replace drum, bolt door shut, replace face, plug things back in.

(man will tell father-in-law about spider if it starts running up his leg, he decides. father-in-law finally bumps it, it still doesn’t move, so it must be dead, man feels better. it was only dead! who cares about a dead spider?)

father-in-law cleans up. man will shower later.

they chat a while. how many more chats will we have like this, man wonders.

father-in-law goes home. man cleans up room he just painted, reads a book, takes a shower.

it’s a fine, sunny day.

 

 

 

Time travel – 1. Indications of time travel

  1. Huge fortunes amassed through lucky investments or unusual inventions.
  2. Lottery wins
  3. People who resemble you, only older, accosting you on the street with advice.
  4. Assassinations
  5. Hitler getting beat up a lot as a child
  6. Serial killings of similar-looking people by assassins from the future with only approximate descriptions of their target.
  7. Teddy Roosevelt prevented from annexing Mexico
  8. Eradication of smallpox
  9. Beyonce Knowles
  10. What else?

 

Pow! Kabang! Watch out!

Watch goes down the street. The street is lined with the heads of guys in suits hollering POW and KABANG and WATCH OUT!

Watch tunes them out. A crow follows him, he notices, flying from tree to tree.

Mechanical spiders are running all over. I SEE YOU ARE GOING TO THE STORE MAY I RECOMMEND A SALAD? says one.

A second one says, PEOPLE WHO BUY SALAD OFTEN BUY SOME FRUIT AS WELL.

Watch tunes them out too. He notices how wide the streets are without traffic.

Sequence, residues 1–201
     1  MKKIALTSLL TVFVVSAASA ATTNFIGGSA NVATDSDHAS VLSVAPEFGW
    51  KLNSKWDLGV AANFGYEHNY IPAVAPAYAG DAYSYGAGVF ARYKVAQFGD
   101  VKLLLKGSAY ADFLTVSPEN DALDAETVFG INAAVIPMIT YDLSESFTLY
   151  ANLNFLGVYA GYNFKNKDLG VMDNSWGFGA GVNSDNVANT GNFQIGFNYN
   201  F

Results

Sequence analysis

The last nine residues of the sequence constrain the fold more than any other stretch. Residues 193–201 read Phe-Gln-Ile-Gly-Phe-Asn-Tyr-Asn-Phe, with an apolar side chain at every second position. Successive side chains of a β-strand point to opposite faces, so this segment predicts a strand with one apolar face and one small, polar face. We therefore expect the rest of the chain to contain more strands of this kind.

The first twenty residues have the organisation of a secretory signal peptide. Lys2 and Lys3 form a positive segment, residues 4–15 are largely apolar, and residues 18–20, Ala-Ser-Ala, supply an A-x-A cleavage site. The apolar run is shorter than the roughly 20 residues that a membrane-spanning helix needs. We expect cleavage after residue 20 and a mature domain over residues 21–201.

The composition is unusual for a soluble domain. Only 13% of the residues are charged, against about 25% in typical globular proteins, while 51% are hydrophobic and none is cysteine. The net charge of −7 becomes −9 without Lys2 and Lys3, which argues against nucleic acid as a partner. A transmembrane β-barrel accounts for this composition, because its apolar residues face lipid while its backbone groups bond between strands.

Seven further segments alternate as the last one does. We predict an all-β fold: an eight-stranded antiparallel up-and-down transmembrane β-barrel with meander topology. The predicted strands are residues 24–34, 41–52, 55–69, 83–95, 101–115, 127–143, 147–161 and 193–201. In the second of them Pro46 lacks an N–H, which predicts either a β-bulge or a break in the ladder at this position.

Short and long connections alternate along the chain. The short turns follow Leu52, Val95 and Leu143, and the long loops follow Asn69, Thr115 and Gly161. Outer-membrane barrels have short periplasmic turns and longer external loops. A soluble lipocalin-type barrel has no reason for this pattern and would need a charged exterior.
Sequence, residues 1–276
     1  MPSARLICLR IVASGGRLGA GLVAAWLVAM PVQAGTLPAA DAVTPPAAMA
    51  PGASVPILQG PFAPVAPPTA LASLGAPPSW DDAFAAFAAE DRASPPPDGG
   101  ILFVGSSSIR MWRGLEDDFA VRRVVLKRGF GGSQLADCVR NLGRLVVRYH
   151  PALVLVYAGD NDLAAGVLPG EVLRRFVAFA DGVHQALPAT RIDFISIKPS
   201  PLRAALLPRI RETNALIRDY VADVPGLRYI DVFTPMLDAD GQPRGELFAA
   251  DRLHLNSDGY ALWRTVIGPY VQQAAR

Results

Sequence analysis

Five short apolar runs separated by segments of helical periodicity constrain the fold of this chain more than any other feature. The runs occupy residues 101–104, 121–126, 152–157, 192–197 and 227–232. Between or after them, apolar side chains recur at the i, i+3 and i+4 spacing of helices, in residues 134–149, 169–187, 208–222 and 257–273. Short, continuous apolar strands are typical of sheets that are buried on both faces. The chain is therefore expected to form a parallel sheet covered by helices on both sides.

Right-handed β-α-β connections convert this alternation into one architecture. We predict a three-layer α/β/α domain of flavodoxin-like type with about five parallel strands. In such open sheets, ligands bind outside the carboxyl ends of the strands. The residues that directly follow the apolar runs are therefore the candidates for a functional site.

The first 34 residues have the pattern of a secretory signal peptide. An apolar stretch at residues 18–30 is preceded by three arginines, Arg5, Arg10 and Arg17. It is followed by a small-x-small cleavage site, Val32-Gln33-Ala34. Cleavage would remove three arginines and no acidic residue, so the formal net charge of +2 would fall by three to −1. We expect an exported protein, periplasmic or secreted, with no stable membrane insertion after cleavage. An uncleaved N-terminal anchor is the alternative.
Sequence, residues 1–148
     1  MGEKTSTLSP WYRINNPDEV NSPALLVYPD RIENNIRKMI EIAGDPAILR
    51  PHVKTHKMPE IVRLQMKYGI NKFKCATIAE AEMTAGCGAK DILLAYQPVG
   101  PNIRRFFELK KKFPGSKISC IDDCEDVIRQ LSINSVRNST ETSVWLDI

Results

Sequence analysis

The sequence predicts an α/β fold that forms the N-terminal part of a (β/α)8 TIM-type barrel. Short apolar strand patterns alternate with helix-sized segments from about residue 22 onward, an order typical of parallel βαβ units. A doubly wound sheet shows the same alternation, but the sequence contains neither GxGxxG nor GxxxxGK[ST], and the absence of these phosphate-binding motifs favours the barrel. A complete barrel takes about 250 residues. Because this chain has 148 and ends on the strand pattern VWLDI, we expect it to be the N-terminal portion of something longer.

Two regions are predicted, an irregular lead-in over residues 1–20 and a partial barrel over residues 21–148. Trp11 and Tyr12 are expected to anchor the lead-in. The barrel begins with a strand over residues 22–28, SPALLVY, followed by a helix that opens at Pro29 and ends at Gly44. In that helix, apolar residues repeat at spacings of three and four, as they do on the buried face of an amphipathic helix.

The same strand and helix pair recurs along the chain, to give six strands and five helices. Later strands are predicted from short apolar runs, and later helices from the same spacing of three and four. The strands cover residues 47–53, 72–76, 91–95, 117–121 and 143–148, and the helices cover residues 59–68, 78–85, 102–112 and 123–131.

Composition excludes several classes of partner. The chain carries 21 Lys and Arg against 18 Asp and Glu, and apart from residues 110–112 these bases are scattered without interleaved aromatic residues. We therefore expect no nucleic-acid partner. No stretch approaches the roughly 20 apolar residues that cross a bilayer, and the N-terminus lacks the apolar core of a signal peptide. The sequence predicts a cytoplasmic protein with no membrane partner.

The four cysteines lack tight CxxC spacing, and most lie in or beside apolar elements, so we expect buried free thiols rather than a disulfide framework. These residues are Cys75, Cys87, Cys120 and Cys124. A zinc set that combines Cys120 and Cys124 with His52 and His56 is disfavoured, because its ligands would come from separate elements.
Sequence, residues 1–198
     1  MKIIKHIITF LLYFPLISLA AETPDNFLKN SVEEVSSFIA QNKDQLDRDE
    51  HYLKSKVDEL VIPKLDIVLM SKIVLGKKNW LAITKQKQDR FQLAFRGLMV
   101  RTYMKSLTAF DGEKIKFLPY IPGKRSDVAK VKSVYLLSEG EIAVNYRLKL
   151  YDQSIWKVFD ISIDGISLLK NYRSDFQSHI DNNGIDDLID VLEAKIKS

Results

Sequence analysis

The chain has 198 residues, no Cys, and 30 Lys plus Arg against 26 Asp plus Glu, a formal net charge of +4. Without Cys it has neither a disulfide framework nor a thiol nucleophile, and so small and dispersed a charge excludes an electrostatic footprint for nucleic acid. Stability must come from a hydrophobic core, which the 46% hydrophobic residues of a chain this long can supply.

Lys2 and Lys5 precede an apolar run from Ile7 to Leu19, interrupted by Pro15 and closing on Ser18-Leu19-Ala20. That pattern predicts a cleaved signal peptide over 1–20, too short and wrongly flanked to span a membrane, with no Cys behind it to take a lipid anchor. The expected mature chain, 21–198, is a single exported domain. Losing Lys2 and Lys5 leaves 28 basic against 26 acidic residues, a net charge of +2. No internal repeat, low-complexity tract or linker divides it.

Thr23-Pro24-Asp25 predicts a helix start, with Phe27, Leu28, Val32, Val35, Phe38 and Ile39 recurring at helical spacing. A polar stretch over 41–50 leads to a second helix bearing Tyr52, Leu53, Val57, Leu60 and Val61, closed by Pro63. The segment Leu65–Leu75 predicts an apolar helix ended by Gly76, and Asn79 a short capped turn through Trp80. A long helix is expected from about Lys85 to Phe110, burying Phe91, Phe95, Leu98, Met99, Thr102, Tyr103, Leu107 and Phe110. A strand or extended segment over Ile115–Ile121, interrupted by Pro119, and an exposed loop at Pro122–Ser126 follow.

It is a sunny day. Warm, early fall, is there any better season?

Gravity is light today if you can ignore the distractions.

And the air is full of flowers.

Watch gets a sandwich. He gets a long one because he wants to see how many crows he can feed on his way back to the office.

The line at the cash register is slow because the guy in front of him is having problems with his cash card.

REJECTED, says the cashier. The young guy tries again, a little more flustered.

REJECTED, says the woman again.

I’ll have to come back, the young guy says.

He has a German accent, notices Watch.

I’ll get it, Watch says, but no one hears him.

He takes out his wallet and gives the cashier a ten. I’ll get it, he says.

OH, she says.

The young guy doesn’t notice and starts leaving without his stuff – a box of sugar and some snack for lunch.

IT’S OKAY, says the cashier. THIS GUY PAID.

Outside the young guy says thanks.

My pleasure, says Watch.

He feeds two crows on the way back – the one who had been following him, and a big black one watching him from a tree.

POW KABANG! holler the heads.

Take the afternoon off, says Watch.